Travelogues have for some time now been my favourite things to read. These written accounts provide so much for me: entertainment, insight, and most importantly, inspiration. A handful of my favourite books are travelogues. Furthermore, a good number of my favourite writers, be they novelists or poets or journalists, have written at least one. Simply put, I want to know what other travellers think, about what they do, and about what they are thinking as they do them.
And so, I am always looking for different perspectives from interesting writers about places both nearby and far-off. Whenever I come across a writer I’ve never read before, I study that writer’s list of works with the question, ‘Have you written a travelogue?’ And if she has, that’s almost always the title I read first. Fiction is constructed; memoirs can be veiled; but I believe you are most yourself when you are travelling, and it seems to me much more difficult for a writer to embellish (or even want to embellish) when recounting a travelling experience. Of course, they may, and some probably do. But what I gather from the travelogues I’ve read and admired, I’m getting, for the most part, the realest deal.
Because I spent most days inside a bookshop, my radar is finely tuned for travelogues. For some reason, however, I didn’t think to look at the graphic novels, even though I love reading them. Then one day, scanning the shelves, I see a group of titles bunched together. ‘Shenzhen, Pyongyang, Jerusalem…? Those sound like place names to me!’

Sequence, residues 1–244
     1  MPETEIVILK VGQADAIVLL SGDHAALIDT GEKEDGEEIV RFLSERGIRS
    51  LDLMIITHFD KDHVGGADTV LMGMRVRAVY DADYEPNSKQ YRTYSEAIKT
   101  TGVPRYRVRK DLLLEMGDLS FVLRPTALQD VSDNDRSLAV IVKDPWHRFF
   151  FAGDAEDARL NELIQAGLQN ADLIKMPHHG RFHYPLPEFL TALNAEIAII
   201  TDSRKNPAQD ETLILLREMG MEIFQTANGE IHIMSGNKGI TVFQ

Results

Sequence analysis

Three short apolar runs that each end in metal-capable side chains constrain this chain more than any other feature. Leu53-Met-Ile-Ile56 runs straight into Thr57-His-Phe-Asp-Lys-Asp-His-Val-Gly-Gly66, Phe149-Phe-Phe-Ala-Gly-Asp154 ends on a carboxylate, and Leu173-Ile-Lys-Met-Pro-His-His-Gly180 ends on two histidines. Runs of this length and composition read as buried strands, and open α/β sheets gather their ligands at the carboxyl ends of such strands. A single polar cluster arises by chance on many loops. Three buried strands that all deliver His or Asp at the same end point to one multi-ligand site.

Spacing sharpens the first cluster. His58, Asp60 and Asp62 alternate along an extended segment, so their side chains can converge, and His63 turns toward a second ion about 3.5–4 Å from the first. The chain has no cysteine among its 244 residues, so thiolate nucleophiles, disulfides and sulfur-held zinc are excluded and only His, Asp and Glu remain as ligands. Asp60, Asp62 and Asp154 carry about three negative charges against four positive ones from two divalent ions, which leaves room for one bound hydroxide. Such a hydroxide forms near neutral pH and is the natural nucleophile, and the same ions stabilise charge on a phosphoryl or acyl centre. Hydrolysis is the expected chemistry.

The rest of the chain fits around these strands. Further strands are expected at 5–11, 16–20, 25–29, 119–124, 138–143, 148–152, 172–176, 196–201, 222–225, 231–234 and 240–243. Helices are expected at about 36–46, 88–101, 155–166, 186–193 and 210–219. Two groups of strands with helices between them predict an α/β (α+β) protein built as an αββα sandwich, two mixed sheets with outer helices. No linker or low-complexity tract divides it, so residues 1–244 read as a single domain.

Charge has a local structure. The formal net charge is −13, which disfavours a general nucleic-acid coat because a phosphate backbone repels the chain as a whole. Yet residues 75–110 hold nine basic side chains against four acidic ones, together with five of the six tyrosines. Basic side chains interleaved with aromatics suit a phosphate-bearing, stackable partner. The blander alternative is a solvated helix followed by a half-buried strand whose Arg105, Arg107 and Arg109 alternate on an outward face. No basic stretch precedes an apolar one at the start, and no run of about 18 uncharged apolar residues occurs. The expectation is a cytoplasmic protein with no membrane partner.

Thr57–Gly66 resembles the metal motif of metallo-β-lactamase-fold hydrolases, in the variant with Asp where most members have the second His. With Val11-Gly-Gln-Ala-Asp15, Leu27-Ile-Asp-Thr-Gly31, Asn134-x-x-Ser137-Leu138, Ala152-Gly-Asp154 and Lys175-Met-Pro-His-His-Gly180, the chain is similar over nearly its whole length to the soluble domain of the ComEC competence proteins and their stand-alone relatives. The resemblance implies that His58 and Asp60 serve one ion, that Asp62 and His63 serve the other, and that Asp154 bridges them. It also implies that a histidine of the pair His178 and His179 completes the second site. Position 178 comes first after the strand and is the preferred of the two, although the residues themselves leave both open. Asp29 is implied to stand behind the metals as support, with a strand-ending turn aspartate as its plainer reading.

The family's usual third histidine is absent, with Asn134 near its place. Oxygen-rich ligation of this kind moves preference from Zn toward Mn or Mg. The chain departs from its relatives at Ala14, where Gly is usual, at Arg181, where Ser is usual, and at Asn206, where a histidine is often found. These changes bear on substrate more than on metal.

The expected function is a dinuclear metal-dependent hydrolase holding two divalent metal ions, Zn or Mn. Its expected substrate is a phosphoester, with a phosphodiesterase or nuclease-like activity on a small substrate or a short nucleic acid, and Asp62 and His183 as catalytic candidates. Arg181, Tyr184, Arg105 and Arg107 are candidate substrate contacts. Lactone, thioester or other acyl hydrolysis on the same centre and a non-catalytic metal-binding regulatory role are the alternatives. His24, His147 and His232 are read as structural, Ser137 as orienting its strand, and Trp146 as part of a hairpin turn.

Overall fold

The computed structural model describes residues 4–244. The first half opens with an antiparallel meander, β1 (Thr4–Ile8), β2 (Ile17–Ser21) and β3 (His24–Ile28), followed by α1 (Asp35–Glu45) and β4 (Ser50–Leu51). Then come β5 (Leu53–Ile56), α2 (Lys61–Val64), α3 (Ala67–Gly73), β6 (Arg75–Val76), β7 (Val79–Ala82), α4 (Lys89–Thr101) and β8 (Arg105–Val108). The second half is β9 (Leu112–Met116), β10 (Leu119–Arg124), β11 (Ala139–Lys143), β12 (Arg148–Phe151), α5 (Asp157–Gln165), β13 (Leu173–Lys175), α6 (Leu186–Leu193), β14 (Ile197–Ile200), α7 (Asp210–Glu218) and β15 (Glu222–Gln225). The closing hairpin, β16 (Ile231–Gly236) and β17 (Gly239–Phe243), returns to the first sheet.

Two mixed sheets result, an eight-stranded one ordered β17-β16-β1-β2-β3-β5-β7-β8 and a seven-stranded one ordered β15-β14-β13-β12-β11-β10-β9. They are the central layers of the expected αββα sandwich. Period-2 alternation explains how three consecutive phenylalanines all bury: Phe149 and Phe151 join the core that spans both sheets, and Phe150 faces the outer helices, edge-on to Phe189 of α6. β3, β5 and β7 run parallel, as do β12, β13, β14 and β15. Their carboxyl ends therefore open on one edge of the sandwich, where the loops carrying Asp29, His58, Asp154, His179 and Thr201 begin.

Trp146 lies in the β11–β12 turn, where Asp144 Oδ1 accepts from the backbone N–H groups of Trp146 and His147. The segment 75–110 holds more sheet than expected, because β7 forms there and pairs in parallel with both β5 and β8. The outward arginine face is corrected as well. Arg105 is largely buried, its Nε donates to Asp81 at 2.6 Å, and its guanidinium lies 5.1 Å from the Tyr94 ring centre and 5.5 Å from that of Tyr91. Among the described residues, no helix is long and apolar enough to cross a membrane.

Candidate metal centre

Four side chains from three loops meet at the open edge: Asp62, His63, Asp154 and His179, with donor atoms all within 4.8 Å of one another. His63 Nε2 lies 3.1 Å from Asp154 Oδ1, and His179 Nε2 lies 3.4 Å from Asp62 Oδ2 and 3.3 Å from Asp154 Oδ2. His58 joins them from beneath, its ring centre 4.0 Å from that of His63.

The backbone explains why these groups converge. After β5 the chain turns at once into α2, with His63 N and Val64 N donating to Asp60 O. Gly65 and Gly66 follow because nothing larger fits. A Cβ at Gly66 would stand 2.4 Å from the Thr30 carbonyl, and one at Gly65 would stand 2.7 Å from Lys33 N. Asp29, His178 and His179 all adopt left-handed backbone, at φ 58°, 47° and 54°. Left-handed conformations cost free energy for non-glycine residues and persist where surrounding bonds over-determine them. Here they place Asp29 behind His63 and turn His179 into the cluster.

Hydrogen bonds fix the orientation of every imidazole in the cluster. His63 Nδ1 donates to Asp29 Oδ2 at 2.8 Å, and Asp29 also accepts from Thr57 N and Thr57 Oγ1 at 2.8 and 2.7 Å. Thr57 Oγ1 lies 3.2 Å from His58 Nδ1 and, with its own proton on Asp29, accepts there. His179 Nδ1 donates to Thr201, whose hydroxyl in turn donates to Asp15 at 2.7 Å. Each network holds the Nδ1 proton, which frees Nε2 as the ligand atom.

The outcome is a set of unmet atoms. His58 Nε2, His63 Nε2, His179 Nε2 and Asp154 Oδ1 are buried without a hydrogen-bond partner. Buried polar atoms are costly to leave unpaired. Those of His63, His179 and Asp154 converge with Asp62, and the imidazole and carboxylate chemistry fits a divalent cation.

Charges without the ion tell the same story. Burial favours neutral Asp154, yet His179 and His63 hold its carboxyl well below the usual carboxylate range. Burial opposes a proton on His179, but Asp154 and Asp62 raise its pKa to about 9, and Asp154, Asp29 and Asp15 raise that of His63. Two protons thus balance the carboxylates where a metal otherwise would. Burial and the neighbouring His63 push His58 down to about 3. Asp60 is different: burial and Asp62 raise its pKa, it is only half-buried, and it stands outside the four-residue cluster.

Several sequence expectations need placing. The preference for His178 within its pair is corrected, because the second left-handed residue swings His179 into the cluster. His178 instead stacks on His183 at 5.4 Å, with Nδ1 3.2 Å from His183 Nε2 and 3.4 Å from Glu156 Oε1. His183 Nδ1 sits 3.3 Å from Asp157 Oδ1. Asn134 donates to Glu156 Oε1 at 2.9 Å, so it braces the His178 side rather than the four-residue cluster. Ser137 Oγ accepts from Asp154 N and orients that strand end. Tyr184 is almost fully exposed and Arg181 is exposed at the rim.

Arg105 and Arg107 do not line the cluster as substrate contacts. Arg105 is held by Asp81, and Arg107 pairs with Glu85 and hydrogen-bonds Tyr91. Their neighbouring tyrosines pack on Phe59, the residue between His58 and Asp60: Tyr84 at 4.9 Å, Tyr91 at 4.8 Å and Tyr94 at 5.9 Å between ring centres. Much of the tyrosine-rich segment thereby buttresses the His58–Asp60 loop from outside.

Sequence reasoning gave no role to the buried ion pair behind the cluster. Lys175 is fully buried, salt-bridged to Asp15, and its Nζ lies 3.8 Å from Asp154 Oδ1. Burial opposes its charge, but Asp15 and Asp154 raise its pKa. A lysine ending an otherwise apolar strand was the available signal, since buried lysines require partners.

Sure enough, these books were travelogues, by a French-Canadian called Guy Delisle, in graphic form. Up until that point, I hadn’t even considered the possibility of a graphic travelogue; the oversight makes little sense to me now, since a graphic travelogue makes so much sense. If done well, every nuanced, minute detail that can occur while you’re travelling could arguably best be told through images.
So far, Guy Delisle has four books available in English. These books are evidence that he puts as much importance and attention on what travelling does to a person as I do. The three trips that constitute the three books I’ve read (in addition to the fourth book I’m about to read) are written – at least in its primary form, we can assume – while he’s abroad. Not only does he believe each trip can be transformative, but he believes it enough to tell these travel stories to other people.
Shenzhen: A Travelogue from China and Pyongyang: A Journey in North Korea cover three-month and two-month work stints in those respective Asian cities as an outsourced animator sent to help improve regional cartoons and animated programmes. Burma Chronicles and his latest, Jerusalem: Chronicles from the Holy City, cover year-long stints accompanying his wife, who is stationed in these respective areas as an adminstrator for Médecins Sans Frontières (Doctors without Borders).
While each book offers something unique to the area Delisle covers, each book contains those strong, recurring themes that make travelogues what they are and so enjoyable to read. Delisle’s approach, most specifically the details he chooses to focus on, is driven by an endearing childlike curiosity about how different parts of the world work (or fail to work), and the resulting words and images are oftentimes humourous, oftentimes poignant.